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Enforcement and prosecution policies: consultation response

Response to our consultation on a revised enforcement policy and an update to our prosecution policy.

Published: 25 October 2022

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The government policy intent behind the new powers introduced in the Pension Schemes Act 2021 was to strengthen TPR’s regulatory framework to enable us to gather evidence more efficiently and be notified of events that could affect schemes. It also introduced a number of deterrents against conduct that could put members’ pensions at risk.

The development of the specific policies to explain our approach to these new powers highlighted a need to update our existing strategies and compliance and enforcement policies and be more transparent about our approach to the use of all our enforcement powers.

Our approach to enforcement has evolved over years of using our regulatory powers, and from experience of civil and criminal court proceedings, as well as our work with other regulators. We have also adapted it in recent years to reflect the implementation of our new strategic operating model and the creation of our enforcement team.

We resolved to consolidate our enforcement policies in relation to defined benefit (DB), defined contribution (DC), and public service pension schemes, as well as some aspects of master trust enforcement. In May 2022, we consulted on our consolidated and simplified enforcement policy, and our updated and revised prosecution policy. This response document summarises the key points that stakeholders raised during that consultation and how we have addressed their comments.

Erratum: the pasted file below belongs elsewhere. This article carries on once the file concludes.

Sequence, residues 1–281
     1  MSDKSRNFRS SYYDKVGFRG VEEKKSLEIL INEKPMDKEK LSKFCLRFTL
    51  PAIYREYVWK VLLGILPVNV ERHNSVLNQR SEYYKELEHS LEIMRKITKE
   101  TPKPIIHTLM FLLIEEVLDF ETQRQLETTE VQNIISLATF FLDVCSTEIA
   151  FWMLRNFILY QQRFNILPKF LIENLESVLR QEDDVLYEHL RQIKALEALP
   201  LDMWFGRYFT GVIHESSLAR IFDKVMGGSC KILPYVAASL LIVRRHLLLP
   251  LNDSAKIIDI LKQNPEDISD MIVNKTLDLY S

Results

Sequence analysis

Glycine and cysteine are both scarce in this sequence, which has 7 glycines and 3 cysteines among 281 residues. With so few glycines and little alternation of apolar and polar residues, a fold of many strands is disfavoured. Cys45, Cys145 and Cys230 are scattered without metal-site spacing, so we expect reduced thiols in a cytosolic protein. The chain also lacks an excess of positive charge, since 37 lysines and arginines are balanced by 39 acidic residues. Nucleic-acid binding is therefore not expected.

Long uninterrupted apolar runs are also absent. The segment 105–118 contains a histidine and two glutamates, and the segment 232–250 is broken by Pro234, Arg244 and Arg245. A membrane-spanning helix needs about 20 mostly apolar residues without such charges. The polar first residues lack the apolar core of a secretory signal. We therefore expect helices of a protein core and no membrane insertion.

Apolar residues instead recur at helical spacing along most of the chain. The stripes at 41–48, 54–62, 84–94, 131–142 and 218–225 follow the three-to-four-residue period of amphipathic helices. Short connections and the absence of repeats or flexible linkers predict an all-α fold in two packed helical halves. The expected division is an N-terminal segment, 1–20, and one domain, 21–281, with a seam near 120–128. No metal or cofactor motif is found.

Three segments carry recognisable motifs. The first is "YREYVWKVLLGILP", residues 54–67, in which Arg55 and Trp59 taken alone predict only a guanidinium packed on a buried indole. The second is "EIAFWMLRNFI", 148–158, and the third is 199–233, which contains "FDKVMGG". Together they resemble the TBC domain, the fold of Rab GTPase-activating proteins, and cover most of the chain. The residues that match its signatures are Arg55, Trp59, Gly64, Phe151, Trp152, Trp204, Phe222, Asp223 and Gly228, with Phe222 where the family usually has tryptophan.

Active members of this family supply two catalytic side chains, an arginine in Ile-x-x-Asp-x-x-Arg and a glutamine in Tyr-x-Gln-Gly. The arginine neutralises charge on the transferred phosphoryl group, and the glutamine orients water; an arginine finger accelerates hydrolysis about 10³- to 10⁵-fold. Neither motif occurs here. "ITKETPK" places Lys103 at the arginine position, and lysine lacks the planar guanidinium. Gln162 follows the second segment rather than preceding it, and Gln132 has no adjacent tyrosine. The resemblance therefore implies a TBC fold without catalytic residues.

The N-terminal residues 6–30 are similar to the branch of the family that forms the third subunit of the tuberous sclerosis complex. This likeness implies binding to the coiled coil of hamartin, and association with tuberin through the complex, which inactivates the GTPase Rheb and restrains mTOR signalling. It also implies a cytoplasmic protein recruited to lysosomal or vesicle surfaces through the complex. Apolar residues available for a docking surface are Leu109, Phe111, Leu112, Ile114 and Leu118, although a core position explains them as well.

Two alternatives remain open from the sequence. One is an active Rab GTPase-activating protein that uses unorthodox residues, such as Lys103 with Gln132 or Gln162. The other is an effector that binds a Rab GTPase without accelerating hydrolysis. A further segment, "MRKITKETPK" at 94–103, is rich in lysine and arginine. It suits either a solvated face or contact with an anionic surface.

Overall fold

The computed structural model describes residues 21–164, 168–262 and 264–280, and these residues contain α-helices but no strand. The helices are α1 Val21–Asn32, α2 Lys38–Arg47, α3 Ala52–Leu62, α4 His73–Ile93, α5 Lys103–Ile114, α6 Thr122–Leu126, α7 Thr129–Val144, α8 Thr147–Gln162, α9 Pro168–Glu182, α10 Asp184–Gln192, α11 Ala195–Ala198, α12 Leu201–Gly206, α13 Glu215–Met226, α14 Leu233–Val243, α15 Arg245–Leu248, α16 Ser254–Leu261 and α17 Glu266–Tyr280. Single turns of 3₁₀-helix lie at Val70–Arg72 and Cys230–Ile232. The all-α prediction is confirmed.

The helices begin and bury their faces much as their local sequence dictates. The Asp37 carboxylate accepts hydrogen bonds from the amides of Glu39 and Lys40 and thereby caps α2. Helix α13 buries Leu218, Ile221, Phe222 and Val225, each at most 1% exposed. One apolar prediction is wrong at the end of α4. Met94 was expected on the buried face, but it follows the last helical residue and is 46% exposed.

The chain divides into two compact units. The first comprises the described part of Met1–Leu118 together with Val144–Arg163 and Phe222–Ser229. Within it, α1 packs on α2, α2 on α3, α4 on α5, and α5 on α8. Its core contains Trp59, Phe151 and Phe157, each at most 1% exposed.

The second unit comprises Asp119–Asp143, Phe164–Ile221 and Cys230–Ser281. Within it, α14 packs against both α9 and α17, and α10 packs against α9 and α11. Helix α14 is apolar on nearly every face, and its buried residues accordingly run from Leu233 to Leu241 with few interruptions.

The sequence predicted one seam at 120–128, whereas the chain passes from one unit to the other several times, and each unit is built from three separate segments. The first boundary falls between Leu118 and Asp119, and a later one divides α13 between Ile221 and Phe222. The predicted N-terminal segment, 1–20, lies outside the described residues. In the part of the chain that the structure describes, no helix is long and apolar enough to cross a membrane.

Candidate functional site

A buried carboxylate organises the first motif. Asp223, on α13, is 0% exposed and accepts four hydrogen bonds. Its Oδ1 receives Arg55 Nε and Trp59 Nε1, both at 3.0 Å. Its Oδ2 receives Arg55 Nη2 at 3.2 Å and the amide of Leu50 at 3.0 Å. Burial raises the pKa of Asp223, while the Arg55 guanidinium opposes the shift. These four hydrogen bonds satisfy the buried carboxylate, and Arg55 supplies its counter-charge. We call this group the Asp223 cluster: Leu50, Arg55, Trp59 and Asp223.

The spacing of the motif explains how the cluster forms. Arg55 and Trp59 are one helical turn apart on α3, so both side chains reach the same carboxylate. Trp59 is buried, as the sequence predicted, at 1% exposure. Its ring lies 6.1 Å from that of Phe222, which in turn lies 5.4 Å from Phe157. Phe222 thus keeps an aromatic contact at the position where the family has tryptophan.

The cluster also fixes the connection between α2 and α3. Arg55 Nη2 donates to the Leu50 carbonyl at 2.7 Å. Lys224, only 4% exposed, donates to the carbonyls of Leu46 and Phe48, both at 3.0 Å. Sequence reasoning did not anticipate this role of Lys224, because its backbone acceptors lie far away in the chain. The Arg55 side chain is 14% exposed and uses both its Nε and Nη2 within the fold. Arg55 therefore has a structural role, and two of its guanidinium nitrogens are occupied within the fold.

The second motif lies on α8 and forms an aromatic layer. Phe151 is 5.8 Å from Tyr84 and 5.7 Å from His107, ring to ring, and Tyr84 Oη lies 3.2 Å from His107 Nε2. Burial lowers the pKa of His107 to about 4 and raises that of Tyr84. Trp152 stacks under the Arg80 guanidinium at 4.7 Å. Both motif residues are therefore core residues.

Consultation responses

We received 13 responses from a mixture of advisory firms and industry associations.

Key issues raised

The responses were positive about the decision to produce one enforcement policy setting out our general approach to the investigation and use of our enforcement powers in respect of DB, DC, public service pension schemes, and some aspects of master trust enforcement. The respondents generally supported the new layout, and most felt that it was easier to navigate than one long webpage.

The updates to the prosecution policy were also well received, with many commenting that both policies provide useful clarity on TPR’s approach, particularly with the addition of case examples. There were however, a number of areas where further details were sought:

  • Our assessment of the risk and harm factors and the impact of our wider corporate priorities.
  • Our approach to the potential for enforcement action against trustees of transferring schemes in instances of pension scams.
  • More detail on the enforcement options we use in specific circumstances.
  • More information on the instances where there is an overlap in powers and what option TPR would take.